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When Milo graduates from college and lands his dream job writing software at a multi-billion dollar computer company, he couldn't be more thrilled. The company's magnetic founder that he worshiped as a child is now his personal mentor. As he settles into his new position, Milo uncovers some dark secrets about the firm and soon learns that he can't trust anyone but himself in the high stakes world of computer technology.
PROFANITY: 1 F-word, 5 S-words, 5 A-words, plus a few milder ones. SEX/NUDITY: None VIOLENCE: A brutal beating to death with a bat is shown twice. No blood. DRUGS/ALCOHOL: Some mild social drinking. ACTION: A couple of foot chases, a fair amount of suspense. COMEDY: Very little. Does have one laugh-out-loud funny scene.
Antitrust follows in the hallowed footsteps of such monuments to ineptitude as The Firm and The Skulls, which have the hero making a pact with a stand-in for the devil. Antitrust is the "same old same old", where a promising young student is seduced by the lure of power and lucre, but eventually seeks redemption when he learns the price that has to be paid for the good life. Actually, the premise is sound, but the plot takes a wrong turn down a blind alley and the lead character ends up acting like a second-rate Dick Tracy. Or, given his youthful appearance, maybe one of the Hardy Boys. Antitrust is a sad excuse for a thriller that won't look appreciably better once it makes its way to video store shelves.
OPINION OVERVIEW The following is the original "What's Worth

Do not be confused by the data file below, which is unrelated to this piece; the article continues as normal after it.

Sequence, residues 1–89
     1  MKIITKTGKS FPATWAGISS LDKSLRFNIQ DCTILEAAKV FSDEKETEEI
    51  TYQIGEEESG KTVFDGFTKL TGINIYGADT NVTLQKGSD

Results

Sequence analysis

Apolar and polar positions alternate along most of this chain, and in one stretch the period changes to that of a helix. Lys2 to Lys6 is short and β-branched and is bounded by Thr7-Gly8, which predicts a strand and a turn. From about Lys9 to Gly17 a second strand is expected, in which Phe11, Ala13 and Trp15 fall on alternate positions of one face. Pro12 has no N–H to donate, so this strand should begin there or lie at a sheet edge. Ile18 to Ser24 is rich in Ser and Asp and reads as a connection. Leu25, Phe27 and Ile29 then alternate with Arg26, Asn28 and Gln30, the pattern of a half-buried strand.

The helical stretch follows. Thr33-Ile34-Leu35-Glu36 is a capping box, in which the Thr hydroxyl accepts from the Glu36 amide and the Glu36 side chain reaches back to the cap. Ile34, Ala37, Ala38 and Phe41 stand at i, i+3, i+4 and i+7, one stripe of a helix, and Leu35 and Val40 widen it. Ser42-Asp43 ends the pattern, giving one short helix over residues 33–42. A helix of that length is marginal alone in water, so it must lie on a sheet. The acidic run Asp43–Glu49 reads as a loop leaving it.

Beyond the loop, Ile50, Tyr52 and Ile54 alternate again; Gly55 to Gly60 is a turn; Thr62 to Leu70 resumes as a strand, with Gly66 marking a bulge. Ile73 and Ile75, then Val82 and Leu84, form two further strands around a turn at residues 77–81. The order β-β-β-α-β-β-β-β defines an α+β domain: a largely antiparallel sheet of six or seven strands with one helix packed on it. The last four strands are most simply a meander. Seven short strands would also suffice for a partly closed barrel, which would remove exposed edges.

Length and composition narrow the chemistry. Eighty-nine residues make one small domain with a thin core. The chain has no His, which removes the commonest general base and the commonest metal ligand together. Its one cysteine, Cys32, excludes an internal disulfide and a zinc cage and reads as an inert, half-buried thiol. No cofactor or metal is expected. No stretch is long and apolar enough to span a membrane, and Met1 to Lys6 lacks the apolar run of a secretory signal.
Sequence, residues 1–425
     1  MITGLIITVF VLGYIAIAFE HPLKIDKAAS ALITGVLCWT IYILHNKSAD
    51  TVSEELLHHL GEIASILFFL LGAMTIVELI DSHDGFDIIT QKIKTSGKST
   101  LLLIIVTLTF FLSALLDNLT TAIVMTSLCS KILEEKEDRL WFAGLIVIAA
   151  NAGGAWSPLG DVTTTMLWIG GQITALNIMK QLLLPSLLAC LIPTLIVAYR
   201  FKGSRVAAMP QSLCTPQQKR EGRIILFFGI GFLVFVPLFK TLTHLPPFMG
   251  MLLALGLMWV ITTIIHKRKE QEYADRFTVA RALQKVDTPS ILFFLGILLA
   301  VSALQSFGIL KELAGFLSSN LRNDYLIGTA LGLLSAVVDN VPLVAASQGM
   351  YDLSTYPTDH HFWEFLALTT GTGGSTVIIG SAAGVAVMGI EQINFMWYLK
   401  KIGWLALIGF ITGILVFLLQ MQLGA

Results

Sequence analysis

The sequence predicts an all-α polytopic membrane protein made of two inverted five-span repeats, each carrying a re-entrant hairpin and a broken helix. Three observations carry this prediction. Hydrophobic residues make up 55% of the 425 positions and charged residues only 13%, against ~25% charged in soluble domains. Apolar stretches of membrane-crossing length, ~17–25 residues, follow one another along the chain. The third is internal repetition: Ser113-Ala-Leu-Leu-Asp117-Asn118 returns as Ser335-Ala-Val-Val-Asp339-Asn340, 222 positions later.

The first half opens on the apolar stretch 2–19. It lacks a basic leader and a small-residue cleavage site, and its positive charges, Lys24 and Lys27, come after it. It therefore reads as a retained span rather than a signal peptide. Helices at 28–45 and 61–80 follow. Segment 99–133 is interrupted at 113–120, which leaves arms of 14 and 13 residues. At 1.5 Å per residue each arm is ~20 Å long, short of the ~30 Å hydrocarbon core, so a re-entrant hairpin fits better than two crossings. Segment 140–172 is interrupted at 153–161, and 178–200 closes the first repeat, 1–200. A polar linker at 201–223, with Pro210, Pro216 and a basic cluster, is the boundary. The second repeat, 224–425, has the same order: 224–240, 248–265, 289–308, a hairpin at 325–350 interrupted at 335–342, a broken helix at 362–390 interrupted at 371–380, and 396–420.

Watching" write-up for this movie.
A surprisingly good movie. Both males and females seemed to enjoy it about equal. Approximately one third of the opinions came in a bit on the low side. I would say your chances of enjoying this movie are high, unless your taste in movies tends to match that of critics, who didn't like this movie.
Milo (Ryan Phillippe)
is an idealistic young computer genius with an artist girlfriend (Claire Forlani) and a golden future. He's about to launch a start-up company with
his friend Teddy, when he's recruited by NURV, a multi-billion dollar
corporation, run by his professional hero, Gary Winston (Tim Robbins).
Winston takes a personal interest in Milo. He needs his brilliance to stay ahead
of the field in the race for convergence. There is no second place. For Milo
it's a dream come true, a chance to become a legend in his own right. It's
hard to disappoint Teddy, but their offer is too good to refuse.
With a talented new colleague (Rachael Leigh Cook), Milo is soon caught up in the exciting challenge of realizing
Winston's vision. Winston is an inspired mentor and no problem remains
unsolved for long, but new developments are brought to Milo with such speed and
frequency, he begins to doubt their source.
Tragedy strikes and Milo's doubts become suspicions. It looks as if the
company will stop at nothing to win. He investigates and the consequences become
more and more unnerving, until there is no one left to trust and this
twenty-first century David stands alone against Goliath.